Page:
All of this, though conducted in the name of science and modern politics, reminds us everything of practices and institutions in history we ‘customarily’ label ‘religious’. It is certainly more than merely about biopolitics as a ‘secular’ sphere of human affair, but neither would it be adequate for us to simply define it as a communist ‘religious’ scheme. Identifying everywhere ‘religious’ as something substantial would only continue the desperate effort in searching for pure ‘secularity’ and perpetuate the false binary distinction between religion and the secular.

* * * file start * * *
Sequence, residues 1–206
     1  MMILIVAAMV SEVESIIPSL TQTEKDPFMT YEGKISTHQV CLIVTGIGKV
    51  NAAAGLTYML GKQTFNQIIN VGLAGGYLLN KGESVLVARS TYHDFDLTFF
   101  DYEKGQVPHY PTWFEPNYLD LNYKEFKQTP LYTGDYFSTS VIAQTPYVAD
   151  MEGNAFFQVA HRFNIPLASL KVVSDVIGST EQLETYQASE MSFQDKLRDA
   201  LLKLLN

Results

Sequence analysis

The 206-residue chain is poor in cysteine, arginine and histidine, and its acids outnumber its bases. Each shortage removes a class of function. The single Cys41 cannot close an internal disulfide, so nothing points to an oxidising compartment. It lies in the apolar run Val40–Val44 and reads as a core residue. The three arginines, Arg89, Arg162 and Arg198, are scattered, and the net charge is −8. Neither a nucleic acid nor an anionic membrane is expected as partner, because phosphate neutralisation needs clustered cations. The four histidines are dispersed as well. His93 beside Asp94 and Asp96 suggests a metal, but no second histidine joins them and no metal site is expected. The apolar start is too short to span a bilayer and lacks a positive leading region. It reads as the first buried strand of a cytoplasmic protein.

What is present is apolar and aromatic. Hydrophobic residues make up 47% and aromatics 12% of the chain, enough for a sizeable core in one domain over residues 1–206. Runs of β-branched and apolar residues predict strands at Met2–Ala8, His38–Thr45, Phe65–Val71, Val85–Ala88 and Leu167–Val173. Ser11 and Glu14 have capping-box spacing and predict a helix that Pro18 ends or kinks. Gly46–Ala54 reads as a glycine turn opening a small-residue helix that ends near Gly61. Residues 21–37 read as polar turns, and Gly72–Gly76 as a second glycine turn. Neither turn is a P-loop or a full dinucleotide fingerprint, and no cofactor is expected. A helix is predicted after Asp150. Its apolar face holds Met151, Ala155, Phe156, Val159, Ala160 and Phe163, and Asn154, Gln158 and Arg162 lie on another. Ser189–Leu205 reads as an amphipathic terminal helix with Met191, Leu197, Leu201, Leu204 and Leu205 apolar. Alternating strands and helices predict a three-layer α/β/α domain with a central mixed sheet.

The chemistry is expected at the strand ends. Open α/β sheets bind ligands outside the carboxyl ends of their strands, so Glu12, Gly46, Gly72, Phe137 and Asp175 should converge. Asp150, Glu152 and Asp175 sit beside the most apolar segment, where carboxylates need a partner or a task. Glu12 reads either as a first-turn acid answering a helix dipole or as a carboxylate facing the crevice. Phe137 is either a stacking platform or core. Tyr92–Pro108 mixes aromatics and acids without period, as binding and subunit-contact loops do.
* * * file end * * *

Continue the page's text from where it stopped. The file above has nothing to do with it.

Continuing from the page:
Agamben, Giorgio. The Kingdom and the Glory: For a Theological Genealogy of Economy and Government. Translated by Lorenzo Chiesa (with Matteo Mandarini). Stanford, California: Stanford University Press, 2011.
Brown, D. & Cheng, T. ‘The Vatican and the Chinese Party-State: Where Do the Parallels End?’ Orbis(Philadelphia), 60: 1 (2016), 73–86.
Esposito, Roberto. Immunitas: The Protection and Negation of Life. Translated by Zakiya Hanafi. Cambridge; Malden MA: Polity, 2011.
Fitzgerald, Timothy. Discourse on Civility and Barbarity. New York: Oxford University Press, 2007.
Tillich, Paul. A History of Christian Thought: From Its Judaic and Hellenistic Origins to Existentialism. Edited by Carl E. Braaten. New York: Simon and Schuster, 1968.